Looking for a job can often be a full-time job in itself, and because now the process has become virtual, the Los Angeles County Library has gathered tools geared toward communities at the heart of the digital divide.
What You Need To Know
- LA County Library's Work Ready Program is lending out laptops and Wi-Fi hotspots to bridge the digital divide
- The equipment can be used to access virtual workshops teaching a variety of job readiness skills
- It started in December and has the funding to continue through at least the end of 2021
- For more information, visit lacountylibrary.org/workready
"We chose 20 locations in the county of LA where there's the least amount of internet penetration, so where people need specifically connection to the web," said Oleg Kagan, LA County Library community engagement coordinator.
He said as people start to recover from a pandemic that led to record-setting job losses, the county's Work Ready program will prepare residents for the current job market.
It is lending Chromebook laptops and Wi-Fi hotspots to help residents access vital job resources.
"People are now working from home so much more and need to be able to interview from home, need to be comfortable in a teleworking environment," Kagan said.
Participants can check them out for a six-week session and take a variety of free weekly virtual workshops featuring everything from how to answer common interview questions to question and answer sessions with a career coach.
The events are live and then posted on the LA County Library's YouTube channel.
John Alvarez, who is one of the participants, used to work as a software engineer.
"The techniques and the things that I knew how to do were really from the 70s and 80s, so I thought it would be a good time and a good opportunity to get into a program to see how things are being done now," he said.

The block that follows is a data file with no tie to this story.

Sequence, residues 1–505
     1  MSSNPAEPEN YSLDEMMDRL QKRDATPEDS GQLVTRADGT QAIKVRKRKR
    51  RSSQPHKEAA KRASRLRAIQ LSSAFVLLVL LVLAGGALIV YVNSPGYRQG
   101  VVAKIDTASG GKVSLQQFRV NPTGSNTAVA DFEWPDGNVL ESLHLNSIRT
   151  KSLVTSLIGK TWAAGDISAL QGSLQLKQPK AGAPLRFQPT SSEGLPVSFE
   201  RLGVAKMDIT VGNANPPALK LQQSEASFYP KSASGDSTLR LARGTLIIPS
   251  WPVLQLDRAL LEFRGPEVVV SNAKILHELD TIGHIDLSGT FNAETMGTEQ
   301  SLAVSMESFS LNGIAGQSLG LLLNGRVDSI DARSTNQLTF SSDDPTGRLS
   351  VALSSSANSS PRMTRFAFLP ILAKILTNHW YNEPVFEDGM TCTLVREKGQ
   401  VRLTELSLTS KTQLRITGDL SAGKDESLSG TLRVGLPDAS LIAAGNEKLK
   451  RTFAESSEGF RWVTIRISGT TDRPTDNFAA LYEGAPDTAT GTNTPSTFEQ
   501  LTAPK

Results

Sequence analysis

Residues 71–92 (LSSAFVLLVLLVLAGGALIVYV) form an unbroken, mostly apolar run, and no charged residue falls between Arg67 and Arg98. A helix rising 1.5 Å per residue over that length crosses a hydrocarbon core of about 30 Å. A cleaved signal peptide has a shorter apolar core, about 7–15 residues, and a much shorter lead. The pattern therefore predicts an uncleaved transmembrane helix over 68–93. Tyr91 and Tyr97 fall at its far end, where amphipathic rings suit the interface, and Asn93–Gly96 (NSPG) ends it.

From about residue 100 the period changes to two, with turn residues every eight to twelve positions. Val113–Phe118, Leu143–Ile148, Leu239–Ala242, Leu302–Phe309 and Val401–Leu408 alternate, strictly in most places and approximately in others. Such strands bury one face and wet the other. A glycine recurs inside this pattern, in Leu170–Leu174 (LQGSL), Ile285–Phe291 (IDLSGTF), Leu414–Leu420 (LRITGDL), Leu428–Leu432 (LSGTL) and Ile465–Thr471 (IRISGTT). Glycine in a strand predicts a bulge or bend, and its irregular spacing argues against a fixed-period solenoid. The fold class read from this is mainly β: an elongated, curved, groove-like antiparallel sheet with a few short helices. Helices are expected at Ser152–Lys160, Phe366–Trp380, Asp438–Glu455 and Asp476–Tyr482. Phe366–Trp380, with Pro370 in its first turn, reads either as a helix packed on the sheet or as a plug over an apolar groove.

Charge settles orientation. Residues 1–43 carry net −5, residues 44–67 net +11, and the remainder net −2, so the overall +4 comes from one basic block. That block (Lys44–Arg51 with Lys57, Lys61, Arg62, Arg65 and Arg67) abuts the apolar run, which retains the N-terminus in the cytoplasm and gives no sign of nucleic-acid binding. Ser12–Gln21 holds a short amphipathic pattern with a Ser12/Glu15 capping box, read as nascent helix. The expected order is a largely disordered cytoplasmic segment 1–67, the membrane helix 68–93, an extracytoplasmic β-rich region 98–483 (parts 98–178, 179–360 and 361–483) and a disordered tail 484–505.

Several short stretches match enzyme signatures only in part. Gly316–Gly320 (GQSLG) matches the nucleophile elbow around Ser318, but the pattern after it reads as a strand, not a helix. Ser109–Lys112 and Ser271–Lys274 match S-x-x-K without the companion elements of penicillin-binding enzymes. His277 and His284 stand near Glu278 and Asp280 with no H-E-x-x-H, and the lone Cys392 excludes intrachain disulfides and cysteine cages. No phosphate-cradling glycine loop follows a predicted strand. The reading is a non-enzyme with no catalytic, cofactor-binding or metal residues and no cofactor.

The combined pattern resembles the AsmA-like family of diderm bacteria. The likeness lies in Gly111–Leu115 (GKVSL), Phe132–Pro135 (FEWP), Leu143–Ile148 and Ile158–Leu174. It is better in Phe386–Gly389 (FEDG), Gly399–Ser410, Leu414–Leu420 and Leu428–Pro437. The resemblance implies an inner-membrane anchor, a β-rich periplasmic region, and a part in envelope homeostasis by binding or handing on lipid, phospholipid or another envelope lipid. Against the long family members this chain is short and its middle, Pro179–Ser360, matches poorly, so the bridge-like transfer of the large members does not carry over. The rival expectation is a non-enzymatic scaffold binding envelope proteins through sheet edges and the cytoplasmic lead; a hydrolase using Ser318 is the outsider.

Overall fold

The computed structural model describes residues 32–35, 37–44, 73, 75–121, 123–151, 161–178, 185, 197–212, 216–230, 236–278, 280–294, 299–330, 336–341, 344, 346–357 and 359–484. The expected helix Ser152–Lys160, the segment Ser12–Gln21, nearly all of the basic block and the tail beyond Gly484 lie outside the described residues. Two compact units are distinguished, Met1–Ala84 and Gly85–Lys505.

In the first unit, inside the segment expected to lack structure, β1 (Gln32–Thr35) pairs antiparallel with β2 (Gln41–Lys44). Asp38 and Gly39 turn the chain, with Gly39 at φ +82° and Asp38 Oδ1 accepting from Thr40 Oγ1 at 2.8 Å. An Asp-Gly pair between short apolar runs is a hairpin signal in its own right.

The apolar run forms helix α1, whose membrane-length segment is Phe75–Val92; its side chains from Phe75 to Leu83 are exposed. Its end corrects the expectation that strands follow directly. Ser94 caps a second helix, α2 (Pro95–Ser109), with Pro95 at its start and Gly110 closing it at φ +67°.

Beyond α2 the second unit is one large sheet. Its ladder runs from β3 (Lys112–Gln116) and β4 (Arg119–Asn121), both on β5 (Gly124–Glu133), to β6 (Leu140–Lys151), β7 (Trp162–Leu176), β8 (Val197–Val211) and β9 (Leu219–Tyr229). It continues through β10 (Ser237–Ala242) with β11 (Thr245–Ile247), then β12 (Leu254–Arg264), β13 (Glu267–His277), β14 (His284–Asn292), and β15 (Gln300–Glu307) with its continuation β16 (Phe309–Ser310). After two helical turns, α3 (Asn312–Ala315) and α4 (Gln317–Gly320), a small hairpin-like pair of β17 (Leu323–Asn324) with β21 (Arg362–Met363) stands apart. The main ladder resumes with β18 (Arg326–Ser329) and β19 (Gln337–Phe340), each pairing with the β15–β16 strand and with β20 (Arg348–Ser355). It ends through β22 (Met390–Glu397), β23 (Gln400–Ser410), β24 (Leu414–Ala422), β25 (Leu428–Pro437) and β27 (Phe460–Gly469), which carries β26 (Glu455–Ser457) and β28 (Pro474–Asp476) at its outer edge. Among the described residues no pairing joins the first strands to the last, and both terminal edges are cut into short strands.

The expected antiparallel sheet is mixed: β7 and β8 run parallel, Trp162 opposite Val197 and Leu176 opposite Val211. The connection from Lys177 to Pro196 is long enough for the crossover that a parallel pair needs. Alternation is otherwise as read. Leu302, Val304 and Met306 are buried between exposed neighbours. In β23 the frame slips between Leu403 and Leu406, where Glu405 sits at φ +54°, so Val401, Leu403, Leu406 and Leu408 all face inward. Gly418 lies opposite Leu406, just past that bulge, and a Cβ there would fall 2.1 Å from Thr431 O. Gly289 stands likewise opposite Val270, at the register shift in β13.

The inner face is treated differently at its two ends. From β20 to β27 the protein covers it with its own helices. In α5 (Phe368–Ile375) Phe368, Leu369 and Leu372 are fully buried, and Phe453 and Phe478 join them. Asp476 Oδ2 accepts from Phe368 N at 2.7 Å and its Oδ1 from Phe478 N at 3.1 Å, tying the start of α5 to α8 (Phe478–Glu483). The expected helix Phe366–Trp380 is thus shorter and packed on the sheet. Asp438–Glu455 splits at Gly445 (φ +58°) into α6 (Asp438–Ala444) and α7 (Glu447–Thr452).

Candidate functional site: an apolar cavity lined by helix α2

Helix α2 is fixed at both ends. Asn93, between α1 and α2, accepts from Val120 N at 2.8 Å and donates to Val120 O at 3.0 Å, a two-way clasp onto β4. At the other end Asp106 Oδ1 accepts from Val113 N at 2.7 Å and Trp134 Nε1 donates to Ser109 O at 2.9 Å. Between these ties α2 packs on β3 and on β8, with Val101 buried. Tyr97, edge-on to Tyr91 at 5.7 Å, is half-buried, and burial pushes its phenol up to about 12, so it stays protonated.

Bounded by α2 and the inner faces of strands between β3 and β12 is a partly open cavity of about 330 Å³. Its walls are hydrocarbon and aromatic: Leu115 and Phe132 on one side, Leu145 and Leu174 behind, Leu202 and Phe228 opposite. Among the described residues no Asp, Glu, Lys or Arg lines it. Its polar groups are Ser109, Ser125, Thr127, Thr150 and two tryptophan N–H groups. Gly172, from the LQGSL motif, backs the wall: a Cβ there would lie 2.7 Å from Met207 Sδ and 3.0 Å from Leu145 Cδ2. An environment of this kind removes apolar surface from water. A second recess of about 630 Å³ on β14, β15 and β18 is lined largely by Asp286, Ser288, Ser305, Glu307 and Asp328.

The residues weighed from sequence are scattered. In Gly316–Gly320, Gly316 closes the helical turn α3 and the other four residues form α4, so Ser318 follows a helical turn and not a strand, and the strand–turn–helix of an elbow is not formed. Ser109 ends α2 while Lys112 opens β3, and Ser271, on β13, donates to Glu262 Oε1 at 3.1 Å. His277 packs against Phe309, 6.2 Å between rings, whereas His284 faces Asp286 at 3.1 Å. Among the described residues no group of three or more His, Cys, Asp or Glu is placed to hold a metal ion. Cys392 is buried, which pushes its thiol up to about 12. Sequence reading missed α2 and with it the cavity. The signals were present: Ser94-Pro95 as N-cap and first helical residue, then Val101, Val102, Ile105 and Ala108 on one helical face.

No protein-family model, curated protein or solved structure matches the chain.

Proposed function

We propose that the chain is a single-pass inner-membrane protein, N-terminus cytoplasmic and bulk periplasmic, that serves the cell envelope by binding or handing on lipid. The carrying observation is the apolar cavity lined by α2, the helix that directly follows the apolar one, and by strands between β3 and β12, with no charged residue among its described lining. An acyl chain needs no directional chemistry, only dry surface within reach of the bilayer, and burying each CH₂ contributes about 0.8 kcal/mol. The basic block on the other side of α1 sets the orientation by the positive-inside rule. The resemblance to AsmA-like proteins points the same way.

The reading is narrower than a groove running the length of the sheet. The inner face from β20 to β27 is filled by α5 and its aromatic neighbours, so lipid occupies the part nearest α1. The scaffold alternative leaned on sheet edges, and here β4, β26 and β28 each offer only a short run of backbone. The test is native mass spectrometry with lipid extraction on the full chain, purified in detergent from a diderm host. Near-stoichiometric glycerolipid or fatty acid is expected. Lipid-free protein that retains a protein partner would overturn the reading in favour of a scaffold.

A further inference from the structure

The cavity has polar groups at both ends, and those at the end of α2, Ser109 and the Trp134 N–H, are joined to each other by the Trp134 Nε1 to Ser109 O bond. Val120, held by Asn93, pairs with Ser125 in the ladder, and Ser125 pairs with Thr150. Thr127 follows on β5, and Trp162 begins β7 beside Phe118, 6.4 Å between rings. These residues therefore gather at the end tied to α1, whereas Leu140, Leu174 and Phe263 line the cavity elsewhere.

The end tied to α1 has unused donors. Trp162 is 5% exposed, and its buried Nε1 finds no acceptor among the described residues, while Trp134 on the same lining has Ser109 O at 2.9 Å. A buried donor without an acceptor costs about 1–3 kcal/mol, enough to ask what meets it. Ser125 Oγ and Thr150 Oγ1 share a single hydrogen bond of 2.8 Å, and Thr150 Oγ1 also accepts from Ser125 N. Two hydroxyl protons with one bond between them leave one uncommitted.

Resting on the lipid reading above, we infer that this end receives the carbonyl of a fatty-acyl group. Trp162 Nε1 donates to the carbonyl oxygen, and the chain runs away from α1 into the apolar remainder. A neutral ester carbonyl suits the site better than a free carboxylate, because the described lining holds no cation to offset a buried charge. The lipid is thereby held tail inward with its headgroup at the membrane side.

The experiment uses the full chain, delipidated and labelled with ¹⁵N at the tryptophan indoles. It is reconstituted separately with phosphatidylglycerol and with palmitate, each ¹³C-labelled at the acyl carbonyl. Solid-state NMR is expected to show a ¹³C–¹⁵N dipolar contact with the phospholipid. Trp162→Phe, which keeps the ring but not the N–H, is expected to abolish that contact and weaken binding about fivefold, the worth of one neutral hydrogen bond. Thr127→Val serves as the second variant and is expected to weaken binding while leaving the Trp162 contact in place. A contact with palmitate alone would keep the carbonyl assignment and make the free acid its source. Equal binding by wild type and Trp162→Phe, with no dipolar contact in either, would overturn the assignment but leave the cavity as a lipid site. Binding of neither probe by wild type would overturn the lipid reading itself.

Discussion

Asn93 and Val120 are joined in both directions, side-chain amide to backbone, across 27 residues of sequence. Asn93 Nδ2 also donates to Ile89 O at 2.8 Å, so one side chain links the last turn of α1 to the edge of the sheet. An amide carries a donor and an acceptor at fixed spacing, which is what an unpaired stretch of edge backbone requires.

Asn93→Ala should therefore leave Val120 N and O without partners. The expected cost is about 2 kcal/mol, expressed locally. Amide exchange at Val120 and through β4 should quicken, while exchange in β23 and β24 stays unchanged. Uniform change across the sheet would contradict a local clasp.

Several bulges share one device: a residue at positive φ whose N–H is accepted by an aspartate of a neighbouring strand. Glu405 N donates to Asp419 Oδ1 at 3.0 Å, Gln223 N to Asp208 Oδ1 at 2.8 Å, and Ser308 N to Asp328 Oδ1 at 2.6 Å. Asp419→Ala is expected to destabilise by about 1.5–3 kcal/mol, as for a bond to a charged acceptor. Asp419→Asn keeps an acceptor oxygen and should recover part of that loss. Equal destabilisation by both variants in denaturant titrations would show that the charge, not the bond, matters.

Alvarez said he is not currently looking for a job but has always been interested in finding ways to make himself more marketable and raves about the program.
"A lot of times today, a resume or a cover letter doesn't even get to a human. It gets reviewed by some kind of processor, and they're picking out keywords," Alvarez said. "You need to know what areas are hot. You need to know the buzzwords."
Kagan said all ages participate, from students who have never written a cover letter or resume to older adults who are changing careers after being laid off or working in the same job for decades.
"People who have been working for 40 years who now need to find a job and aren't sure how to summarize their 40 years of experience in one resume," Kagan said.
While some businesses are opening back up, the workforce is still very much a virtual one. Kagan said learning how to embrace today's technology can be scary, especially for older adults, but COVID-19 has forced many to face their fears to stay connected.
"Being a job seeker is so difficult, and it can be alienating, and I think the people that come to these programs every week feel a sense of community, feel enheartened," Kagan said.
Knowing the right resources can make all the difference.